Sworn officers in the dignitary protection division are not members of the approximately 1,000-member Capitol Police union.
What the future holds
Before the assault on Paul Pelosi, Congress had already approved funding for lawmakers to install some security equipment at their homes and in their district offices. This year’s government spending bill would increase the amount of money for both types of security improvements, but whether it becomes law or gets supplanted by a stopgap patch remains an open question.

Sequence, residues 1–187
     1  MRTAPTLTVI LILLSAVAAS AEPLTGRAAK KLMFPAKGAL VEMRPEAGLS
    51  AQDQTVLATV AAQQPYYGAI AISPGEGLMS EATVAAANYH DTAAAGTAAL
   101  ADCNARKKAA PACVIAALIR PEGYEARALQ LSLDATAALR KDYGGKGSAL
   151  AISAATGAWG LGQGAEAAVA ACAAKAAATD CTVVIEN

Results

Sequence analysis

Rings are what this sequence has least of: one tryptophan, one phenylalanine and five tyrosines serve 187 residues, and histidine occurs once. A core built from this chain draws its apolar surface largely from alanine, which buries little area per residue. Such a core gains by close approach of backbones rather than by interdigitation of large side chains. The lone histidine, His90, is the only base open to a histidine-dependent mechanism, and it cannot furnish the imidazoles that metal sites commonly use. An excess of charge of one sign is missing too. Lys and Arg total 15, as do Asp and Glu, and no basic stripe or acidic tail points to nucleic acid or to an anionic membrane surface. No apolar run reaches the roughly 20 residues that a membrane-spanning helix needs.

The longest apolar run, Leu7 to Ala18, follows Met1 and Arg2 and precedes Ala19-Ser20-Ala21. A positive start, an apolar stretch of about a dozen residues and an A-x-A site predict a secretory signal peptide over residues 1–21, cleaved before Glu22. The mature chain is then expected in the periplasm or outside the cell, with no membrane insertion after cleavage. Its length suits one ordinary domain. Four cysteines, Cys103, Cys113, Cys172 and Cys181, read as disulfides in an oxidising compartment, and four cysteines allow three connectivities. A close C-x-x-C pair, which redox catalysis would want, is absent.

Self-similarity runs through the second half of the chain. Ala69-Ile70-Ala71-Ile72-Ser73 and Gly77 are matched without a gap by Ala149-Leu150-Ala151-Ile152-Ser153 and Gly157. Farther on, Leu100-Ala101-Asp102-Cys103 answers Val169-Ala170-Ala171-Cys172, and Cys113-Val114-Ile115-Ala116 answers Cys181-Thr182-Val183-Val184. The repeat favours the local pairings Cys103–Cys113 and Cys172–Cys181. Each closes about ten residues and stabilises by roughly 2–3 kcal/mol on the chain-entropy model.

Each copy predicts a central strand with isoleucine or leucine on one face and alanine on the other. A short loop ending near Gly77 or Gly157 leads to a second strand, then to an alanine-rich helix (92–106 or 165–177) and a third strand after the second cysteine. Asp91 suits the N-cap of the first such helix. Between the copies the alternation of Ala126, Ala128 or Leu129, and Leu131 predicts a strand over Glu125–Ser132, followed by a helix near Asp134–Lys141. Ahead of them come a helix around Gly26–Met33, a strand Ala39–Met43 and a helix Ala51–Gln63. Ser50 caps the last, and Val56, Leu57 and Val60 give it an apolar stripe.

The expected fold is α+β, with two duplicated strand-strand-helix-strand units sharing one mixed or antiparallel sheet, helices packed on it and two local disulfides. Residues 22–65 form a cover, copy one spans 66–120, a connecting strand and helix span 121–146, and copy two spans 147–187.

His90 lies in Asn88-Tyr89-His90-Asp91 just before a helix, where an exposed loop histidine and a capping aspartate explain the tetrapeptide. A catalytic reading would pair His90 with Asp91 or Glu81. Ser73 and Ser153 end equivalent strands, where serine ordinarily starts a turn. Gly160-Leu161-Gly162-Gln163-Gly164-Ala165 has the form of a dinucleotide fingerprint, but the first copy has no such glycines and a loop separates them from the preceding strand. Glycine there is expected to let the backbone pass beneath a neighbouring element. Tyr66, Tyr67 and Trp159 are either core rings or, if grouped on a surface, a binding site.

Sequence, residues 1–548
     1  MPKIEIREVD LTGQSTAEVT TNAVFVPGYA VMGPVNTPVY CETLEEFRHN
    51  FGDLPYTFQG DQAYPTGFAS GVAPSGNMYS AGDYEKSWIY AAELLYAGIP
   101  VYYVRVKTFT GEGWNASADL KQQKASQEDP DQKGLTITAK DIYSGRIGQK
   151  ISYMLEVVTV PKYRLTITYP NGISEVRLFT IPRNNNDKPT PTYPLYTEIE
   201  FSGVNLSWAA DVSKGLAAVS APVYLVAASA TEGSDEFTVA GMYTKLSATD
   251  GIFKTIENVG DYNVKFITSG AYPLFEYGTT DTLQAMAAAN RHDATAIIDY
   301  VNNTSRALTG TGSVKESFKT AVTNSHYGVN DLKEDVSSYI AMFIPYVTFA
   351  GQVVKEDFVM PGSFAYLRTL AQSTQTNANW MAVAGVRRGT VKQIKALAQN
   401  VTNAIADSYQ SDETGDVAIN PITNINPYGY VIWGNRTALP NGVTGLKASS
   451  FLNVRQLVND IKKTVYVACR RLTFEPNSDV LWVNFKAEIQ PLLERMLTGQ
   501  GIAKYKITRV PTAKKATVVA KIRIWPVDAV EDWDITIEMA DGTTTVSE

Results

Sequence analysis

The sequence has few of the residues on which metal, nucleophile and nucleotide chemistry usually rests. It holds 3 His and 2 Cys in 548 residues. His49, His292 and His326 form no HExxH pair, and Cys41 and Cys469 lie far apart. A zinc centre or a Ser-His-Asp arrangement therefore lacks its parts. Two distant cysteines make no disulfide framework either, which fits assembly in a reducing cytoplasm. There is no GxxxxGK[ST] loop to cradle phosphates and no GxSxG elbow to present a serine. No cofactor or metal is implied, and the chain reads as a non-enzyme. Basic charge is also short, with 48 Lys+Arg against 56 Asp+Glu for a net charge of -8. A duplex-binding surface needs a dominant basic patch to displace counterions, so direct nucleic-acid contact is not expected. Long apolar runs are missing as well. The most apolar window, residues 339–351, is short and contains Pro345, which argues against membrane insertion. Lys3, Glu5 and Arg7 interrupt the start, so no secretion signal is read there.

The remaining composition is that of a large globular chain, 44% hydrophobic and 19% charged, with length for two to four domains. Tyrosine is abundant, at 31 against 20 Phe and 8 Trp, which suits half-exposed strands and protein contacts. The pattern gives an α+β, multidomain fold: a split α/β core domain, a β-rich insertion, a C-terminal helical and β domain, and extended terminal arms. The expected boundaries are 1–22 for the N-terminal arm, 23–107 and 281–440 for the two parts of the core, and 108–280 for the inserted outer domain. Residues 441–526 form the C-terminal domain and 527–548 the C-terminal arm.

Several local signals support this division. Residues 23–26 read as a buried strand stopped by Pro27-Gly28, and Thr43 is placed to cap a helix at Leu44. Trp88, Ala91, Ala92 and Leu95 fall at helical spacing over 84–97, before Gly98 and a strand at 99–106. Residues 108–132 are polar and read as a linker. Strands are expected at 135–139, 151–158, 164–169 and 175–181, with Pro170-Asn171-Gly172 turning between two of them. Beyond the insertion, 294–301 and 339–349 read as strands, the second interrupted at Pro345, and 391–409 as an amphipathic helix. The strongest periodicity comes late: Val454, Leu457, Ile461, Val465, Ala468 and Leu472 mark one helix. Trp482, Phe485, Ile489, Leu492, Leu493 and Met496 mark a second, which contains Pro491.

Congress’ spending machinery doesn’t always respond quickly to threats, but DeLauro — the Appropriations chair in charge of federal funding in her chamber — vowed lawmakers could move quickly to address whatever needs arose.
“It’s the emotional weight of what happened which also helps to drive how quickly we need to move,” she said.
Sen. Chris Murphy (D-Conn.), a longtime member of the upper chamber’s subpanel overseeing Capitol Police funding, said that Congress has continually increased the department’s budget in part to allow any lawmaker with serious and active threats against them to have a temporary detail if needed.
“Maybe we should think about a lower trigger for the kind of threats that get you a temporary detail,” Murphy said.
Burgess Everett contributed.